The Art of Writing and Illustration – complimenting and enhancing each other
They say that writing is both an art and a science and I agree…literally. I was an avid diary keeper in my formative years enjoying the daily confidential sharing. My curious nature led me to excel in science subjects and I veered towards Biochemistry and Microbiology during my student days at UCD. Unfortunately, whilst pandering to my practical tendencies, it did knock my flair for the rhythmic musicality of writing into the more formulaic experiment instructions required.
Many moons later I returned to my love of expression in the form of writing. I had always wondered about others speaking of ‘the muse, downloading the story or hearing the call’. What did they mean? Where did this come from and was it accessible to mere mortals like me or a divine vocation only gifted to a select few? I have heard the saying “there is a book in everyone” and I hold that to be true. We Irish are innate storytellers and often have a way of weaving our experiences into glorious anecdotes that could easily translate to the printed word. However, it was only when I explored the holistic world and learned how to meditate that I could quiet my mind to ‘listen’ to the energy of a book as it wished to be expressed on the page.
Initially I began by writing articles for holistic magazines. Indeed, I still write quarterly for Naturally Good Health, a popular stalwart of the plethora of Irish health stores. Eventually I realised that if I wove all those pieces together, I would have the bones of an interesting book in the self-help genre. I co-wrote The Health Squad Guide to Health and Fitness in 2007 and was invited to write my first solo book Change a Little to Change a Lot by Merlin Press in 2009. The former featured colour photography of the various exercises, food and holistic items, the latter was black and white with a vibrant cover. However, I am a very visual person and realised that the design of future books was to be a very important aspect of my work.
Initially it was pure instinct that led to the exciting collaboration between me as writer and the designers and illustrators I have been privileged to work with over the years. Bernie Sexton, from Acrobat Design and I have had a truly wonderful and fruitful career together over many years. At this stage she knows intimately what I like and how the energy of the book speaks through me to her during our briefing sessions.
Recently I had the opportunity to work with my first illustrator, the very talented Paula McGloin on our children’s book Glorious Goddesses of Ancient Ireland. We had both been commissioned independently by Síne Quinn, publishing editor extraordinaire, who felt we were a good match. That certainly proved to be a wise assumption. I found the whole process to be tender, intuitive which like any new relationship ebbs and flows.
To begin, there is the ‘getting to know each other’ stage when both party’s review each other’s previous work. Not unlike online dating I imagine! Then there is the formal introduction, usually by the commissioning editor or publisher themselves. The book concept is explored at this stage. It is very important that the brief is given in either writing and/or verbally by the writer themselves, in conjunction with the publishing team of course. When everyone is happy that they are on the proverbial ‘same page’, then and only then may the project proceed. For me this is a key step in the process as each book’s unique voice needs to be expressed in writing and matched visually. There is a suspension of time, a holding if you will, as each creative brings the book jointly to form. In this case, my first children’s book, the stories were sent in their long form to Paula, and she responded with detailed pencil drawings based on her own meticulous research. I could see how sensitive she was to the very particular energies of these 9 feisty Irish Celtic goddesses, some of whom she had not been familiar with. In the meantime, I began to hone down their intricate stories while retaining the essence of their myths and legends.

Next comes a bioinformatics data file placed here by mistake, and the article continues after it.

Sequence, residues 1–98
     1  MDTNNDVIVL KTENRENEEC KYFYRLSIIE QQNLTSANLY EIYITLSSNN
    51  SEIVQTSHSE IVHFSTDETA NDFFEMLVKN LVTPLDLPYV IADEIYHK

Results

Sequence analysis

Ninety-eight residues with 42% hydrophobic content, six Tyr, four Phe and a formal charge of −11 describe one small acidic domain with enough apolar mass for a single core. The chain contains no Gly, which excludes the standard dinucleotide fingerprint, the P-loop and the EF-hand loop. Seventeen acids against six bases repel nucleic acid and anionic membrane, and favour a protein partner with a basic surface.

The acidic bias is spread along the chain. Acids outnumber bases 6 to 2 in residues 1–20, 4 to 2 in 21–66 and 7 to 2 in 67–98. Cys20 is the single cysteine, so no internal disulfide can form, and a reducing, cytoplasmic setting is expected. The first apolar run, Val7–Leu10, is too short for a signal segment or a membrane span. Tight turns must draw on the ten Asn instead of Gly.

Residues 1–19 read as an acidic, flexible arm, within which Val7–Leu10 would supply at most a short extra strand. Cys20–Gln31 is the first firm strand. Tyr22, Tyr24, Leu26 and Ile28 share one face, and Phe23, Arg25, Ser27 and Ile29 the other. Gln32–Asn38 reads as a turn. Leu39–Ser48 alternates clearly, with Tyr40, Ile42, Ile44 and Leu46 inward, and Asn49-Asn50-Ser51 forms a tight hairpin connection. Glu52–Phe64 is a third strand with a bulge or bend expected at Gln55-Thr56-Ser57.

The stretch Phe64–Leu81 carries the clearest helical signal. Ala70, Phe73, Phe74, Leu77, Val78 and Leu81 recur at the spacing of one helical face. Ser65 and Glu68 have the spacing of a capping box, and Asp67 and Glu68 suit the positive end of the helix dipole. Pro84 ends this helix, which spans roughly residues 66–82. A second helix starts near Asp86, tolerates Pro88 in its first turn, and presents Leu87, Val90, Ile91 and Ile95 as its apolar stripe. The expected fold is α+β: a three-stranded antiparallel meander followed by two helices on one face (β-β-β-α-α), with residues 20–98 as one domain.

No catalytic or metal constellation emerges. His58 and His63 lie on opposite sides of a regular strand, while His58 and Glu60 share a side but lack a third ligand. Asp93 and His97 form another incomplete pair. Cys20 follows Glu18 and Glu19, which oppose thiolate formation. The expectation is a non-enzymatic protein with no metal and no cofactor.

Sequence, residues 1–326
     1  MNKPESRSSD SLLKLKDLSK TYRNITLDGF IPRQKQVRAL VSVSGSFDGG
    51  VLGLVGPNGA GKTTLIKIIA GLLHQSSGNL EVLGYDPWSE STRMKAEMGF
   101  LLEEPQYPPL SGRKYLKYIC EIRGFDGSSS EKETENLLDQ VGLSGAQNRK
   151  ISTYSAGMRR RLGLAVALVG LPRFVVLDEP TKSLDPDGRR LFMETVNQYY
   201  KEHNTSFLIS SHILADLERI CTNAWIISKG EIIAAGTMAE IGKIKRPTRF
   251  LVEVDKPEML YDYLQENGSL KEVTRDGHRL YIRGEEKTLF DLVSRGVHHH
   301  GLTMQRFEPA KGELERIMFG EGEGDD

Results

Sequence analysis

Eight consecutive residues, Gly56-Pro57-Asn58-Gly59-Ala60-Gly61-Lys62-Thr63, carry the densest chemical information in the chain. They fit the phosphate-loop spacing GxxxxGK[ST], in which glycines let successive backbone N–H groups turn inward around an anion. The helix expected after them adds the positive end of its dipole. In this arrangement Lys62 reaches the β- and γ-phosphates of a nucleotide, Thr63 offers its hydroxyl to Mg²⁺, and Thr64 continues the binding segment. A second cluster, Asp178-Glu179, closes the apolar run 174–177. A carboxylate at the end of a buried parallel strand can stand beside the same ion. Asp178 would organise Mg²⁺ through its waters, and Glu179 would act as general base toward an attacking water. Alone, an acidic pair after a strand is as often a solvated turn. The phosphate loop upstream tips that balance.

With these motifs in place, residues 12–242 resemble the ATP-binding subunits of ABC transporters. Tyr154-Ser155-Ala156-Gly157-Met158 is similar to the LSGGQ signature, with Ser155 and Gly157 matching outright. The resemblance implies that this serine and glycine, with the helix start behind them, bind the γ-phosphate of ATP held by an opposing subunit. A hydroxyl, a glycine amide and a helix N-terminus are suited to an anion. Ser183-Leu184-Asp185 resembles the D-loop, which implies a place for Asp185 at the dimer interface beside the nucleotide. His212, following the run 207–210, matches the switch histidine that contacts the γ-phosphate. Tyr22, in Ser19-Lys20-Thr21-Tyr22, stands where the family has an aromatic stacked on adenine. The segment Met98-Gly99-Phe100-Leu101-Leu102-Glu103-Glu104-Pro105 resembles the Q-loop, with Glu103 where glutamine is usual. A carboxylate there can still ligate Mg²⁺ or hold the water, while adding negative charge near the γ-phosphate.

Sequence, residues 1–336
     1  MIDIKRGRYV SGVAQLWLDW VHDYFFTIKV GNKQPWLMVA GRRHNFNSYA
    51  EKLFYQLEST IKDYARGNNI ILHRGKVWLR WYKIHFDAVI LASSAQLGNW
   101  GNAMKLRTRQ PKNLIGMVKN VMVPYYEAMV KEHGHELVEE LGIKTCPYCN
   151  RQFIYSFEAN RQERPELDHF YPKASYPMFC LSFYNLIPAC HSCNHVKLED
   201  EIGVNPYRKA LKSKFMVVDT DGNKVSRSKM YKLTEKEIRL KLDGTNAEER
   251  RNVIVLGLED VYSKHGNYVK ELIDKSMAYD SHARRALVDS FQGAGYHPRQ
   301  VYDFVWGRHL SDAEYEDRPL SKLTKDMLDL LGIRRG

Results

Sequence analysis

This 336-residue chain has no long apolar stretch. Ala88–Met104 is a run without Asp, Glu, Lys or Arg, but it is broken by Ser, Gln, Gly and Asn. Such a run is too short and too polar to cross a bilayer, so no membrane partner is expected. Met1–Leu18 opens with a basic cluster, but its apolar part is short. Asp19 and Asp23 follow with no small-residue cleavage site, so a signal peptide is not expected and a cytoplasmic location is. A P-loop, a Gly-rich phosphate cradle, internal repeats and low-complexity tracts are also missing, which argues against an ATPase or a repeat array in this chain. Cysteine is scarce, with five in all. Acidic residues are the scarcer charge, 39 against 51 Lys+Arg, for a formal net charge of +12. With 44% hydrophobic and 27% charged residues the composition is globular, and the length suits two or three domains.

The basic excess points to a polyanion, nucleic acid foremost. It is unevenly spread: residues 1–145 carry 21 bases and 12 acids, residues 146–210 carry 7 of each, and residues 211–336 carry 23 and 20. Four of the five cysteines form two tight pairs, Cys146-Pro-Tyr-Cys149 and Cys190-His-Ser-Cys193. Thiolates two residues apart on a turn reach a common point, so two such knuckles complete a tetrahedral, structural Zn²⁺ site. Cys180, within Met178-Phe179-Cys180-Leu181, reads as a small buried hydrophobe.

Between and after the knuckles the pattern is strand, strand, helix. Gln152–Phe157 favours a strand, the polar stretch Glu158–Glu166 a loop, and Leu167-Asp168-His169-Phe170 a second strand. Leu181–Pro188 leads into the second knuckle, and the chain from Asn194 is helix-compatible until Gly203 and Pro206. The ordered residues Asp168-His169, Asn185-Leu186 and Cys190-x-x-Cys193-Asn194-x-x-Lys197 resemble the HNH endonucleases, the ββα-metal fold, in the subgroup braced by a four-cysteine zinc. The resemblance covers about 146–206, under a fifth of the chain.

The most crucial stage was when Paula and I worked together online, sharing the images of each goddess, combing through the stories, and matching each nuanced piece literally one by one. With initial trepidation, we began this hour-long process. As creative women, who express themselves in different but complementary forms, there was the inevitable nervous excitement. We both sighed with relief as the process began to flow after a matter of minutes. There was a mutual acknowledgement of each other’s craft and the pleasure of recognising the compatibility of both.
I am delighted to say that pre-launch, our beautiful children’s book has received a truly wonderful reaction at the Frankfurt Book Fair, by the book shops and buyers (featuring in several Christmas lists) and being included in the prestigious Late Late Toy Show ‘book cabin’.
(c) Dr Karen Ward
About Glorious Goddesses of Ancient Ireland:
A beautifully illustrated children’s book celebrating nine Irish goddesses. The goddesses depict a diverse range of ages, shapes and sizes, each with incredible stories: Áine, Aisling, Boann, Brigid, Danu, Ériu, Gráinne, the Cailleach and the Morrigan. Written in an accessible style with fascinating facts and amusing tales, this book will appeal to a wide range of readers. It can be pitched in the industry as a gift book/tourist book and as an educational resource. Paula McGloin’s captivating illustrations highlight the goddesses’ diversity as well as emphasising their ingenuity, power and magnificence.
Order your copy online here.